It's not that they are stupid. At least in Norway, to get into a journalism study, you need top grades. It isn't that they don't know what to do. I think the problem is that they know it far too well.

Ketil Jarl Halse, associated professor at Volda College, wrote an article years ago called "Journalisten som strateg" - the journalist as a strategist. It explains some of the many pressures journalists are under as they are to create a new edition of the news. It is heavy peer pressure, intended to maintain the standards of the newspapers.

Journalism, at least in Norway, is one of the free professions. Anybody who can write are allowed to do so, if a newspaper prints what they write: great! This means that in order to maintain a certain standard and a certain level of trust, there are two harsh mechanisms in use. One is the social control, the peer pressure. This decides things like "what is news" "how do we write about that kind of news" "who do we interview". The other mechanisms is the editing that happens before the copy goes live. This is done by specially trained people who are taught to look for certain clues accepted at "good news," "good journalism" or "good stories". Both of these are good. They ensure high ethics, remove babble, exclude dubious sources.


There is always a but, and this is where Trammell's frustration hits right on the head. " For the past two years (wow, can it be that long?!) media articles haven't told us anything new about blogs." For a topic to be accepted, it has to get over the "news" treshold. Blogs did that years ago. But once it is over this treshold, changing the story rather than repeating it demands creativity. A system that functions through heavy peer pressure and high-pressure editing does not invite creativity. Once you know what works you stick with it, pack it up differently to make it look good, but you don't really think a new thought about it.

And this, sadly, explains at least to me what happens to all those brilliant, adventurous students once they get out there and start writing for their bread and rent.
The blogosphere
Into the Blogosphere is online. It is really an impressive number of articles, no wonder it took a while to set it all up. Go, read, enjoy.

Friday, July 02, 2004

Sex and games
Terra Nova had a post a while ago about sex and games. I have to say: It's about time it was talked about!

Ren Reynolds talks about rape in online games and sex in online games.

All the MUDs I played for my research addressed this issue. The first, World's End, didn't permit sex beyond making out, babies appeared miraculously. But they did exist. The second and main one, Dragon Realms, addressed the sexuality by not rewarding it. Rape roleplay was not permitted. Torture play had to be consensual, by way of a note to the administrators. Sex, cross-species or what ever, was just ignored. There were warnings posted though: don't give out your address, you never know who you are playing with. Aarinfel had MUDsex rules, as T.L. Taylor pointed out, quite ambivalent. There was a long list of warnings, and then it ended saying "Mud sex is safe sex". The many rules (mainly about rape) and warnings were an indicator of exactly the opposite: it isn't safe.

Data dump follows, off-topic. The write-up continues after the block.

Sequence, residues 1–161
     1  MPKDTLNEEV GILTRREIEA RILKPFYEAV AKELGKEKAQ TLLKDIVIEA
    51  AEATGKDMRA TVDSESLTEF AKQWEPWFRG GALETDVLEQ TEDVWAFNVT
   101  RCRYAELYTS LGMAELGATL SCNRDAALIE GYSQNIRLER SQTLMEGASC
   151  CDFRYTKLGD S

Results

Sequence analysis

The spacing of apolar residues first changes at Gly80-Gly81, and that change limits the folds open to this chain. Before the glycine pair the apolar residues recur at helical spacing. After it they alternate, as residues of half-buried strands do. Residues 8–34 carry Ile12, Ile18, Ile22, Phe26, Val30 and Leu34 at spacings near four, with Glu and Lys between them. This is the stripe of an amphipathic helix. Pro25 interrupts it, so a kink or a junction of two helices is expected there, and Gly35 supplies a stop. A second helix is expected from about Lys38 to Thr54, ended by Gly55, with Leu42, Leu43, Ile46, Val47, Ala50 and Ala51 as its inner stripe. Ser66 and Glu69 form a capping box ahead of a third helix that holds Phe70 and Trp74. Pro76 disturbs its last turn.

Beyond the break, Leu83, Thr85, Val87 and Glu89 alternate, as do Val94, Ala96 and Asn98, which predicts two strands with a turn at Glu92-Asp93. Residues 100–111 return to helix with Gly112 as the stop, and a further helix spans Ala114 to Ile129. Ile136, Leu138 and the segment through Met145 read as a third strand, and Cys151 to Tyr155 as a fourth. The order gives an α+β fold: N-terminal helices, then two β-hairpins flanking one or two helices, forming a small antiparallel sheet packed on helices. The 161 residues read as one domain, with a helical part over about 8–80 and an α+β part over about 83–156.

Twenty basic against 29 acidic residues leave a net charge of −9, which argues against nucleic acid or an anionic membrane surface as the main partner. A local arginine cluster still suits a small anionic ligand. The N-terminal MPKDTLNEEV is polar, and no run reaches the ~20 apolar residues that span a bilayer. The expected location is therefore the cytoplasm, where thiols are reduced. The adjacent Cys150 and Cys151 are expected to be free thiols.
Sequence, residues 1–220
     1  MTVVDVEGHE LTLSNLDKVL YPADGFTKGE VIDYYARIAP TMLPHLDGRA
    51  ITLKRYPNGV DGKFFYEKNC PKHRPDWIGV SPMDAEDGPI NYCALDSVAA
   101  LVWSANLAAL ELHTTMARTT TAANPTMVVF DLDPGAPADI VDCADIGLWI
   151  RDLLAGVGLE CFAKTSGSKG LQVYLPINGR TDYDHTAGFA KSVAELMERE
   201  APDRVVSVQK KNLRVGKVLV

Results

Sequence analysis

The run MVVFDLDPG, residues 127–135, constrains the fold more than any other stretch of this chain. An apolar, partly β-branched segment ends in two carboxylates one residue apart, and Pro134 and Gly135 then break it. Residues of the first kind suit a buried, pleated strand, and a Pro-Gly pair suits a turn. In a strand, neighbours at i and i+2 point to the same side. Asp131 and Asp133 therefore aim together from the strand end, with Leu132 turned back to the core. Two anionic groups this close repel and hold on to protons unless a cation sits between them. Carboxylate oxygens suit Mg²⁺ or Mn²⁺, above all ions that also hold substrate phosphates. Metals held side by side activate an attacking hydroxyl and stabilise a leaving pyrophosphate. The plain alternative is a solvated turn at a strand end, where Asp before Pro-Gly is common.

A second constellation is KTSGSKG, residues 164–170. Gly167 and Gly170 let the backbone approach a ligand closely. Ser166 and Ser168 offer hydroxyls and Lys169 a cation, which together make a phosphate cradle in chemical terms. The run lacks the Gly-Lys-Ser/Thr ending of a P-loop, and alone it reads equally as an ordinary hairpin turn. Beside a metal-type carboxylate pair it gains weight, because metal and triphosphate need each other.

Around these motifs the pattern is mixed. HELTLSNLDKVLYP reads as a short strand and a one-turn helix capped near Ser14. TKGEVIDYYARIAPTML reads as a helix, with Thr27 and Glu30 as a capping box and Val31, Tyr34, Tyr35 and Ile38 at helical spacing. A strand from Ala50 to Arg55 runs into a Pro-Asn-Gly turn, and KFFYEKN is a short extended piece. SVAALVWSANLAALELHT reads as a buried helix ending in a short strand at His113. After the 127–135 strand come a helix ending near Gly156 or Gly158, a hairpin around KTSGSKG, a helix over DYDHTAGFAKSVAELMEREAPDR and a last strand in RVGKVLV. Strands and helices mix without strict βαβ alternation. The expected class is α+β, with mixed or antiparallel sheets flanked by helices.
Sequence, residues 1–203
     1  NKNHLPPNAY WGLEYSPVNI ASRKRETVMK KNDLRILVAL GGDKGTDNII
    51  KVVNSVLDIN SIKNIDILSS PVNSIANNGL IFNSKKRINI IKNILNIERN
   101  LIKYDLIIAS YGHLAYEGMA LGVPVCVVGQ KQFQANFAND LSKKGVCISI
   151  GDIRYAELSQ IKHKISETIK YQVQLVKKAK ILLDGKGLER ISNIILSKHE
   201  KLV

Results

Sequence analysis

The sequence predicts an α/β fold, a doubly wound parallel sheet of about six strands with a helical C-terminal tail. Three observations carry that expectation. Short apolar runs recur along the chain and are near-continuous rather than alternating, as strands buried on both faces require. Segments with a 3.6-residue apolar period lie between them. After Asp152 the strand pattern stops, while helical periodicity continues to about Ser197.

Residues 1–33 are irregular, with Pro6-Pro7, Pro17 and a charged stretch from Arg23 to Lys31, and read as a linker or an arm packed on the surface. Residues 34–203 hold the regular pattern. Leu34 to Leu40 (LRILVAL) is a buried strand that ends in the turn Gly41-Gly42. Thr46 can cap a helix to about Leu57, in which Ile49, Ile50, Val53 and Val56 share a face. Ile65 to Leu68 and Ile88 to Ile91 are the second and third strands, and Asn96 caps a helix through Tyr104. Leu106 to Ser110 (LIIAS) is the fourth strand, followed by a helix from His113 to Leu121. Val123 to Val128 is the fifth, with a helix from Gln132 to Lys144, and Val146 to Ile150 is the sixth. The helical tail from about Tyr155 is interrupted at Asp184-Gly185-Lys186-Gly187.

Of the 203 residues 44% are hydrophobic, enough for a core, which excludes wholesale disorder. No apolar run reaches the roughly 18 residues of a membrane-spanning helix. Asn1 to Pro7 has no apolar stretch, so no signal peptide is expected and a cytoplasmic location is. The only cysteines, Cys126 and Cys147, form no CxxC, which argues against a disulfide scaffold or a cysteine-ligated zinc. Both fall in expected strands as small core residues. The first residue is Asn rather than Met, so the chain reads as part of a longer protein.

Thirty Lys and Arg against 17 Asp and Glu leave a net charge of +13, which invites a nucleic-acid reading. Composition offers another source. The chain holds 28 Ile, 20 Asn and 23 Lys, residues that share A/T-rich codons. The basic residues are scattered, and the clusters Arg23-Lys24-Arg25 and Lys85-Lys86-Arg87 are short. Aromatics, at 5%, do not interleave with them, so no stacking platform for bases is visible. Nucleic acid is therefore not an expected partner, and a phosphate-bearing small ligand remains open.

But it can be. As long as people use protection... erh, don't give out email, addresses or names, it is as safe a mutual fantasy as you can get into. And it happens, all the time. We should aknowledge it.
Leaving the office today
For all those who might want to catch me at the office, I am leaving today, in about 10 minutes. I will be online from home and from airports here and there (if my poor abused laptop manages the strain). The route is Vienna, Volda, New York, Volda - and back at the office 9th of August. That's one week after most of my colleagues. But the last week has been very, very quiet here. A good time for writing and reading. Now all I need to do is read through the keynote, and time it. Should have been edited a little. I guess that will happen ink on paper.

Thursday, July 01, 2004

My tabulator key just fell off, just as me and my laptop are about to go travelling for a month! It seems to work though. I'll just have to stop freaking out when the left little finger hits the little rubber tip where there should be a comfortable key...
When I try communicating with my brain, all I get is a busy signal. No dialogue between me and me at the moment... OK, lame joke, because I am stunned by trying to get all my thoughts on this down on paper before I get on the plane to Vienna. I leave Saturday, and will be travelling for 11 hours. I think that's longer than the time some of the Americans will spend on getting into town. OK, enough of this chatting thing. Back to work.